The Top 10 Songs of: The Last 10 Charts!

The Top 10

Kieran Moore – Over the last 10 charts we’ve looked in depth at the music of the first decade of Sesame Street so today I’m wrapping up the series with a rundown and ranking of all the number one songs.

It’s been a real blast to get to know Sesame Street’s early years properly. There have been obscure characters, slightly surreal moments and all sorts of Muppet madness mixed in with iconic songs, televisual classics and Sesame Street’s trademark charm and wit. As the best of the best, it goes without saying that today’s songs are the pinnacle of everything the show stands for and strives to do. So grab yourself some cookies and a birdseed milkshake and enjoy…

10 – Still, We like Each Other – Season 4
It’s no secret that I love a ballad and it’s also no secret that I love Grover, so it might come as a bit of a surprise that this song is in 10th place. Especially when it contains a reference to peanut butter (another thing I love). Alas, someone had to find themselves going first… Grover was consistently in a high position on my charts about the first few years of Sesame Street – though he did start to fade away a little towards the end. I can’t help but wonder if this was due to performer Frank Oz’s busy schedule. Once The Muppet Show hit our TV screens Miss Piggy and Fozzie Bear became such huge stars. Their fortune is perhaps Grover’s bad luck. This is a beautiful song that tackles the huge Sesame Street subject of diversity in a charming, endearing and non-threatening way. Honorable Mention: Imagination

9 – It Takes Some Time – Season 10
I told you I like a ballad. In style I guess this and the last song are quite similar, but this has just edged it for me today. Something about this number draws me in and I can’t ignore that. There’s probably a musical term for it – maybe it’s just the key, but there’s an edge to this that makes it a little darker than the average Sesame Street ballad. The idea of having to wait to fulfil your potential makes this feel slightly mournful and I really like that aspect. Anything that features Olivia gets a bonus point or two from me. I’ve been a big fan of Alaina Reed Hall’s singing ever since I heard One Little Star from “Follow That Bird”. Olivia was introduced to Sesame Street at a time when they were focussing on having a wider range of female characters. As a strong, career-led woman she became a massive role model for girls (and boys) across the globe. Honorable Mention: We’re a Family

8 – Cripple Creek – Season 8
It pains me to put this at number eight, but truthfully the next seven songs are all huge iconic moments and as much as I love this I’m not sure it’s really achieved that status. It is an incredible musical feat though. Having the mouth bow as the only instrumental accompaniment really makes this stand out. It’s once heard, never forgotten. This fun number that zips along at quite a lick once it gets going. It must be tough to sing, but for two talented musicians like Buffy Sainte-Marie and Jerry Nelson it’s really not a problem. Their harmonies are unsurpassed. I also like that this take on a traditional folk song doesn’t talk down to its audience. Like most folk pieces, the lyrics are a moveable feast and this version has been tidied up compared to some others, but in no way is this fully sanitized. Sesame Street is always age-appropriate, but when at its best it never panders to its younger viewers.  Honorable Mention: Pinball Number Count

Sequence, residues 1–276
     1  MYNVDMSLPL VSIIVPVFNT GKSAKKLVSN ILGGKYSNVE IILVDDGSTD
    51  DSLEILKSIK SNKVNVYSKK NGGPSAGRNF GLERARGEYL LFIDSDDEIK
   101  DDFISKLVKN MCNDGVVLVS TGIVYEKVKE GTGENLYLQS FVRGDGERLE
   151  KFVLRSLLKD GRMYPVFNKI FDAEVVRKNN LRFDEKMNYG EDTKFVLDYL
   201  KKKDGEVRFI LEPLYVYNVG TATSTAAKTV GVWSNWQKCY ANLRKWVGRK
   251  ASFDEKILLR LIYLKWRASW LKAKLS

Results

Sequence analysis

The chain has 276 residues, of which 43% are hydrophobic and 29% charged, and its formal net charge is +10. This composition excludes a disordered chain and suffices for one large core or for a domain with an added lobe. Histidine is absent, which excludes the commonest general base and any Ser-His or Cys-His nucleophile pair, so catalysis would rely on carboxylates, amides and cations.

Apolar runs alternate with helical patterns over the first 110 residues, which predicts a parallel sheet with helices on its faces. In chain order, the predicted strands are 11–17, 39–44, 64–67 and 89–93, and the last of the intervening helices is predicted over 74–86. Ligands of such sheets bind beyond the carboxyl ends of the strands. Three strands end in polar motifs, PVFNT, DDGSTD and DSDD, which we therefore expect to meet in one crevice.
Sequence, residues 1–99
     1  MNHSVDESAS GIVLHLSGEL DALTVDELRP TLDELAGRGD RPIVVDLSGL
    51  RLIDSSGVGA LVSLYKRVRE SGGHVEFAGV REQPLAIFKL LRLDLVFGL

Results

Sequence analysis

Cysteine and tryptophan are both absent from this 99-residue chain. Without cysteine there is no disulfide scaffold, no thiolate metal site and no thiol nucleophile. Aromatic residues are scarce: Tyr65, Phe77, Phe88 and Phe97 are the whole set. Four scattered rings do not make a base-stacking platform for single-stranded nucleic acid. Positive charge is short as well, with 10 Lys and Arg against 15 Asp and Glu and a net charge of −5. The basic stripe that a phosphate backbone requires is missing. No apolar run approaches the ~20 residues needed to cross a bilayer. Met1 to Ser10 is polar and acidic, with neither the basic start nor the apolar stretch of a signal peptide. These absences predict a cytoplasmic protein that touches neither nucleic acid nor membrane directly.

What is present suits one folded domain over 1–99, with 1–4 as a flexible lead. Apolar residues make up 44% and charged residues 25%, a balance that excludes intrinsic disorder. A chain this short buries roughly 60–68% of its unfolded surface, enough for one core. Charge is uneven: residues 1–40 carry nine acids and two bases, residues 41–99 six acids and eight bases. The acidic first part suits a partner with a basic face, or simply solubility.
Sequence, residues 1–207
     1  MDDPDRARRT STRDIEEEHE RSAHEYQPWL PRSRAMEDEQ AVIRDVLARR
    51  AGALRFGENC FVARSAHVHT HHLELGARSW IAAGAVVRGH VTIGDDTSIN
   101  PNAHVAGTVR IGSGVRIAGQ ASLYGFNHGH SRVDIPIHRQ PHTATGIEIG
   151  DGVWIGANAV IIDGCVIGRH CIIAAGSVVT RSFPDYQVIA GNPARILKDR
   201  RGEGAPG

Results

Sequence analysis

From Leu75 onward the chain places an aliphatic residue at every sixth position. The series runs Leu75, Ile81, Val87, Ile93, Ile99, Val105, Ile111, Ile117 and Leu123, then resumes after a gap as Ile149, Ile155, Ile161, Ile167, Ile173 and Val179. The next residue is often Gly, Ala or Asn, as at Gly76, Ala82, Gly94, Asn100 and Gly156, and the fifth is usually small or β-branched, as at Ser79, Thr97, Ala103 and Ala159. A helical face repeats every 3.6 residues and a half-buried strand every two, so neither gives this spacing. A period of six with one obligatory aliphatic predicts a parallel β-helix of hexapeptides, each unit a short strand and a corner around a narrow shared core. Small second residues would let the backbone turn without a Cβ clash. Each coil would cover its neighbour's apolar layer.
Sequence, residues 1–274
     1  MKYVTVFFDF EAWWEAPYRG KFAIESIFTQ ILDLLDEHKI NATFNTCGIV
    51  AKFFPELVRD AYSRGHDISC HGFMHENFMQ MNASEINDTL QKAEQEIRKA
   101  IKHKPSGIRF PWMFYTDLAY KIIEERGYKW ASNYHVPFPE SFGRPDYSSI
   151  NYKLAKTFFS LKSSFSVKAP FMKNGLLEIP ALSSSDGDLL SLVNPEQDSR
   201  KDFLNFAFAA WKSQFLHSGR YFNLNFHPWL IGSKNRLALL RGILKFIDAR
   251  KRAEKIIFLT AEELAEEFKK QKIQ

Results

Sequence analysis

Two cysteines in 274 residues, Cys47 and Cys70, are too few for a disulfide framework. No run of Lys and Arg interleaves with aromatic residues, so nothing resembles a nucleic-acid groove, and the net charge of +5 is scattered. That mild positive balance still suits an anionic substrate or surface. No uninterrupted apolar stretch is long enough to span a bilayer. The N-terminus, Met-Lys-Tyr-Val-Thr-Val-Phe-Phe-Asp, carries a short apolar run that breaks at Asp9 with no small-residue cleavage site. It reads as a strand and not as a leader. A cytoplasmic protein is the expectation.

7 – Sing – Season 2
After the theme song (in fact even that’s debateable) is there a Sesame Street song that’s better known than this one? Sure there are other contenders, but this really is in an elite group of Muppet mega-hits. It was written by the legendary Joe Raposo for the show’s second season, but has become a legitimate American songbook standard thanks to covers by artists such as Barbra Streisand, Bing Crosby, Sammy Davis Jr. and most notably The Carpenters. In fact, I heard their version before I even knew Sing was a Sesame Street song! It’s a simple enough piece, but that’s ultimately its biggest selling point. If this turned out to be the shows lasting legacy I’d say it’s definitely made its mark on the world. Honorable Mention: King of 8

6 – La La La – Season 3
This song is definitely the funniest on today’s rundown. I love the joke of Bert choosing to sing about lumps in his oatmeal when lollipops and laughter are also available as topics. As well as being the funniest, it’s also one of the few songs presented today that features the basic reading, writing and arithmetic curriculum that has been the cornerstone of Sesame Street for almost 50 years. The show does a great job using music to teach about letters, numbers, shapes and words. Part of the premise of Sesame Street was to use short sequences that could be repeated often to help children remember their message. Songs help to makes lessons infinitely more memorable. How many of use can only remember a fact or figure by singing something we were taught in a song at school? Honorable Mention: C is for Cookie

5 – What’s the Name of That Song? – Season 6
No songs are ever predestined to be number one on my lists, but this might be the closest it’s ever got. I knew going into my season 6 chart that something special was going to have to come out of nowhere to depose this. It might be the catchiest thing ever performed on Sesame Street. You’ll be singing this all day now! There were countless talented songwriters working on Sesame Street during its early years, but after Joe Raposo you really have to go a long way to beat Sam Pottle (who co-wrote this with David Axlerod). His short tenure on the show as musical director was one of the show’s most creative. This song also showcases the wonderful human performers that really held Sesame Street together in the first few years. While Jim Henson and the Muppets presented fun and anarchy, the adult cast kept the show grounded and believable – they were regularly the best “straight men” on TV. Honorable Mention: Boy from Indiana